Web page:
Gas line connection help

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I am thinking about putting in a natural gas powered generator. The best place for it happens to be a few feet away from the gas meter, which I thought was great because it would make the plumbing so simple.
But someone told me that I can't do that. I have to take it off the gas line after it enters the house, which means a lot more work and another hole in the wall.
Anyone know about this? Thanks.
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hole
You can cut in right after the meter, no need to go into the house! Greg
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Yes, call a licensed, insured reputable plumber, and do so with the full knowledge of your gas company. You're crazy to go messing with this.

hole
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Why do you say that? It requires: Closing the valve at the meter Opening the union by the meter Replacing an elbow with a T Closing the union by the T Putting a union after the T Running a line to the generator.
It seems comparable to changing a gas water heater. Am I overlooking something fundamental? If so, I would be most grateful if you could fill me in.

best
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Toller wrote:

Yes, if you screw up any one of the steps you risk blowing up your house, your family, and possibly one or more neighbors. To most people, the small amount of money to be saved is just not worth the risk.
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Oh come on; a water heater is much more dangerous in this respect, but I can't remember ever reading about a house blowing up from someone putting in their own water heater. Sure, it probably happens somewhere in the US each year out of the 5,000,000 installations; but it is sure to be someone who saw it done on television and throught that was enough. And it would be most extraordinary for a gas leak to blow up outside; unless maybe the pipe just fell off.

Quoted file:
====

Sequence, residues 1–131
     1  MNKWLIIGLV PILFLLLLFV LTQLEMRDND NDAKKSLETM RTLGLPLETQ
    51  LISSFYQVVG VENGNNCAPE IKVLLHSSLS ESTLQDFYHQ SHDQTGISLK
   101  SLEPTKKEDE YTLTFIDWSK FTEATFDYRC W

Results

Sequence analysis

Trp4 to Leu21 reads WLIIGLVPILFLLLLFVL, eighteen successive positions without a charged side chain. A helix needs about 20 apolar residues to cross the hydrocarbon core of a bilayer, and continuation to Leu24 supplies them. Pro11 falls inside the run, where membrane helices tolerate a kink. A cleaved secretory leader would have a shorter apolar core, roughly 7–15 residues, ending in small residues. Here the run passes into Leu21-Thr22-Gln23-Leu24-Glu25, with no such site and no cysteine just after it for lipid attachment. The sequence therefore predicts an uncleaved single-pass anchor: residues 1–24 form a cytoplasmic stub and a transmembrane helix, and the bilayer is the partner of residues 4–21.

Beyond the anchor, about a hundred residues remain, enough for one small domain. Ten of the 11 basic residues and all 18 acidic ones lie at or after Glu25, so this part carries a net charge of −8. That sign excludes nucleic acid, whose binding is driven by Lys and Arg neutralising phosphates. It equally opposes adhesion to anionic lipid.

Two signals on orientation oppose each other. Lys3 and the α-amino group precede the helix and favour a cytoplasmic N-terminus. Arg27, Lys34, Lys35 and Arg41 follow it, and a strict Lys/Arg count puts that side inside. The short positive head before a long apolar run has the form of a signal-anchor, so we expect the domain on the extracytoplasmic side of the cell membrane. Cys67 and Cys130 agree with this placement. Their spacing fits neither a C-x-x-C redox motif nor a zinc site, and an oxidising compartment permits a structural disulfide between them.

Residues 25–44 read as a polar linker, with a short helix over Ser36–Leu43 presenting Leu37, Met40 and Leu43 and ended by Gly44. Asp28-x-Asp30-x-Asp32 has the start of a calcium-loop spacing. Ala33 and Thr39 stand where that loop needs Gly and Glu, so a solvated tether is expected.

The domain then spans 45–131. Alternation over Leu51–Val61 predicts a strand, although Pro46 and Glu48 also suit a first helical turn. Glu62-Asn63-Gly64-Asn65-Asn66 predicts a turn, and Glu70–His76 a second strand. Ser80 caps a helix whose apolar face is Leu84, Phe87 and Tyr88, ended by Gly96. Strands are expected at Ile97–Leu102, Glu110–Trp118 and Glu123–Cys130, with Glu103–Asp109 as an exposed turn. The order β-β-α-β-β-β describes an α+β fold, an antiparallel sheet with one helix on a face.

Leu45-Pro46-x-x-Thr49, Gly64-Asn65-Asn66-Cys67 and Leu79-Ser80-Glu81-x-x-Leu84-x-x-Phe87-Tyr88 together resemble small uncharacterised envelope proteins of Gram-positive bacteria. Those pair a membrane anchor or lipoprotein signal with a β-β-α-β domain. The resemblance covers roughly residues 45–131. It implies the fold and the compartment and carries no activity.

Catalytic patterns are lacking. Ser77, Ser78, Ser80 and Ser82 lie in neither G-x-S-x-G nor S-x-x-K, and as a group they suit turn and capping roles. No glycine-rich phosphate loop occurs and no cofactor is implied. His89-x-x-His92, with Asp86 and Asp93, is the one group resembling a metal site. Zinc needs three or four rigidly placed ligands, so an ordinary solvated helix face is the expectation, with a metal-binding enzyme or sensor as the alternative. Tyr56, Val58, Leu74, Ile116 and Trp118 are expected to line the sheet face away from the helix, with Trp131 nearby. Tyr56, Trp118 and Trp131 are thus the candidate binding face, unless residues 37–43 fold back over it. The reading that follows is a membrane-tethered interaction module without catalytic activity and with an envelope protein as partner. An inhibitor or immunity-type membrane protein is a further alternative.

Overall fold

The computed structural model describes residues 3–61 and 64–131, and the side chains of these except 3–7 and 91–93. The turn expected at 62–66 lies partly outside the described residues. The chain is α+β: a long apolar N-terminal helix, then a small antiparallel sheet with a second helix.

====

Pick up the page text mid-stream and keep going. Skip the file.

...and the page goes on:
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Pressure testing the line! Greg
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When you have a plumber install a water heater, does he pressure test the line? I don't know because I have always done my own.
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When I switched from electric to gas water heater, I bought the entire package from the gas company. There was already gas piping in the house, but it had been unused for 30+ years. The gas company sent a private plumber to the house who did the actual removal of the old tank and installation of the new tank, then had to call the gas company to install a meter. NO ONE did a pressure test, although the gas company did do leak tests at every joint, and they were the ones who fired up the water heater.
You should NOT have to run a separate gas line into the house for the generator as long as the existing one can handle the capacity. You may have to get a new meter to handle the increased gas flow. I considered getting a second meter in the house until I was told that meant a second service charge as well, so I just opted for the larger meter, which cost me nothing.
I had problems getting plumbers to come quote the job of running about 40 feet of gas pipe. Out of 9 that were called, three showed up, and only two gave me quotes, both over $1000. In desperation I called the gas company and they gave me the name of a private plumber who did a lot of work for them. He came the next day, gave me a quote right there, and had the job almost done in one day using flexible stainless steel gas line. Still cost me $750 but he took out a permit, pressurized the line, had it inspected, and did all the connections.
Bob M.

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"Bob M." wrote:

((snipped)